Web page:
Magnetic North Pole is ‘skittering’ away from Canada, towards Siberia
Researchers say it is moving at an ‘unusually high speed of about 50 km per year’
Say Canada is essentially losing a magnetic tug-of-war with Siberia
Researchers around the world are scrambling to update global models relied on by GPS navigation systems
By MARK PRIGG
10 January 2019
Earth’s magnetic fields are shifting – and scientists are unsure why.
Researchers say the magnetic North Pole is ‘skittering’ away from Canada, towards Siberia.
The problem has got so bad, researchers around the world are scrambling to update a global model of the fields.
Called the World Magnetic Model, it underlies all modern navigation, from the systems that steer ships at sea to Google Maps on smartphones.
The most recent version of the model came out in 2015, and it was supposed to last until 2020.
However, researchers say the magnetic field is changing so rapidly that they have to fix the model urgently.
It was due to be updated on the 15th January, but due to the US Government shutdown, that has already been delayed until the 30th.
The magnetic field is in a permanent state of flux.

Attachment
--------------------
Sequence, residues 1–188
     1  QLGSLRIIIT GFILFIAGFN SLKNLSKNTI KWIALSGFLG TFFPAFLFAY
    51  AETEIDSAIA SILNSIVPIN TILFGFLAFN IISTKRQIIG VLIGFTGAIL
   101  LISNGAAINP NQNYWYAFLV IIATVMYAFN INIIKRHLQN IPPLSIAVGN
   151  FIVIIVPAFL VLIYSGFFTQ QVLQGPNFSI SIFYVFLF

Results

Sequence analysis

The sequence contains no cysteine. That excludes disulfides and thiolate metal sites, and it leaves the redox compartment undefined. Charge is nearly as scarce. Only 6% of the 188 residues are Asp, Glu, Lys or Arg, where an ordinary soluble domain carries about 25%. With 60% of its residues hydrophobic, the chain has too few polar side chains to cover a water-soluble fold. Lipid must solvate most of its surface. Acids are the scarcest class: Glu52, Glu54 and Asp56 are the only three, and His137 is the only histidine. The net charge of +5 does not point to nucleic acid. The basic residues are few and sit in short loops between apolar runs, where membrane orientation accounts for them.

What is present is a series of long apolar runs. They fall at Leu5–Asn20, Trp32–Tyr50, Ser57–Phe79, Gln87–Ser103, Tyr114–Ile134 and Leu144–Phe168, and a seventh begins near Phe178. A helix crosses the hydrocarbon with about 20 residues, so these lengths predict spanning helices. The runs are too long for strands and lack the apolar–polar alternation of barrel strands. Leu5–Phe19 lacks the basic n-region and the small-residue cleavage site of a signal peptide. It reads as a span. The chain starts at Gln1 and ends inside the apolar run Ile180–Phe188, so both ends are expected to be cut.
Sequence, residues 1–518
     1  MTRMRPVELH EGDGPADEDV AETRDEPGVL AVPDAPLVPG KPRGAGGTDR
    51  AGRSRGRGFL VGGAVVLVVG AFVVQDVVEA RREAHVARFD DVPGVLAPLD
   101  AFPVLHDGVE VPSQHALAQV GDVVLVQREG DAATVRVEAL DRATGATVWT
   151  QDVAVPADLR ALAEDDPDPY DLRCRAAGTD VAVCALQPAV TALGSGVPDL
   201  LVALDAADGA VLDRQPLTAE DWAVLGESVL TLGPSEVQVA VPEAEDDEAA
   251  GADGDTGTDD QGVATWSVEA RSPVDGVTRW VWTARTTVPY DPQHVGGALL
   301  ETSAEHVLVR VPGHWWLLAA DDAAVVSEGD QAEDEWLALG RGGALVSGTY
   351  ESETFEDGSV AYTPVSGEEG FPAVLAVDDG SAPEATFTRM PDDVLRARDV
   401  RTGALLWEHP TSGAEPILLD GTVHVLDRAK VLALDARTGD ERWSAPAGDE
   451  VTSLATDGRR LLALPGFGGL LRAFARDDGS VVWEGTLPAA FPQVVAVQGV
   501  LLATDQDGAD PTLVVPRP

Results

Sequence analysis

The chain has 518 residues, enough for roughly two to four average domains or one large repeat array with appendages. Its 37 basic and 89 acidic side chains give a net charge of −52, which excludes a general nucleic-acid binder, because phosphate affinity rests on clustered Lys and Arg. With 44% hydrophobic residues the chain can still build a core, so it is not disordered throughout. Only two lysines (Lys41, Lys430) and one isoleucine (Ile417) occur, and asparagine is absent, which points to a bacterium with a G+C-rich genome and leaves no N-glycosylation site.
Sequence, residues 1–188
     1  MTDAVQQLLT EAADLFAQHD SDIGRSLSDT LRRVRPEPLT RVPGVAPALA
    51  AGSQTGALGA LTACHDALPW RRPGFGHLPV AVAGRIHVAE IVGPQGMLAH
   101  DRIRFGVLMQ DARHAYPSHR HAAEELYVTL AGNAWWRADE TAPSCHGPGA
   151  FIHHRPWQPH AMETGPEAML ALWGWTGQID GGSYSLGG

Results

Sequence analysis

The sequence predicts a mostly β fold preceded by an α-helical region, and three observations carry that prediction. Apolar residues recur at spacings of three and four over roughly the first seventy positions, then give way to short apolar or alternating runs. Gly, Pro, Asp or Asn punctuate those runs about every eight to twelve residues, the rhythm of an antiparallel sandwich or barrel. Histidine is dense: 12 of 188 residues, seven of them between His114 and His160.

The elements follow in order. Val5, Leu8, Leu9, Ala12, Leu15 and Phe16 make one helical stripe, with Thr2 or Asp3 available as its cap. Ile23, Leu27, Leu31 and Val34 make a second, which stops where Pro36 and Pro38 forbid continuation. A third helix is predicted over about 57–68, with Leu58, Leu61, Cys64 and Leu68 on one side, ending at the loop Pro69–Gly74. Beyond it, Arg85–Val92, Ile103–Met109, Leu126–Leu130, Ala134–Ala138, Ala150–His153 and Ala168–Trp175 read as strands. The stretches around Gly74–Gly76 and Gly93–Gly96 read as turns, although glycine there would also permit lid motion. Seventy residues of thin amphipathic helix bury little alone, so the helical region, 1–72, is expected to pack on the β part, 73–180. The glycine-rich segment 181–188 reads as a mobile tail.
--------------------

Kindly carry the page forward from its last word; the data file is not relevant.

Magnetic north wanders, and every few hundred thousand years the polarity flips so that a compass would point south instead of north.
‘The error is increasing all the time,’ Arnaud Chulliat, a geomagnetist at the University of Colorado Boulder and the National Oceanic and Atmospheric Administration’s (NOAA’s) National Centers for Environmental Information, told Nature.
‘In early 2018, as part of our regular assessment of the WMM, we found that the model exceeded its specification for declination only three years into the five-year WMM cycle,’ he told the American Geophysical Union meeting.
‘We investigated this error and tracked it down to the combined effect of a global geomagnetic acceleration pulse occurring in 2015-2016, and a fast-changing magnetic field in the North polar area.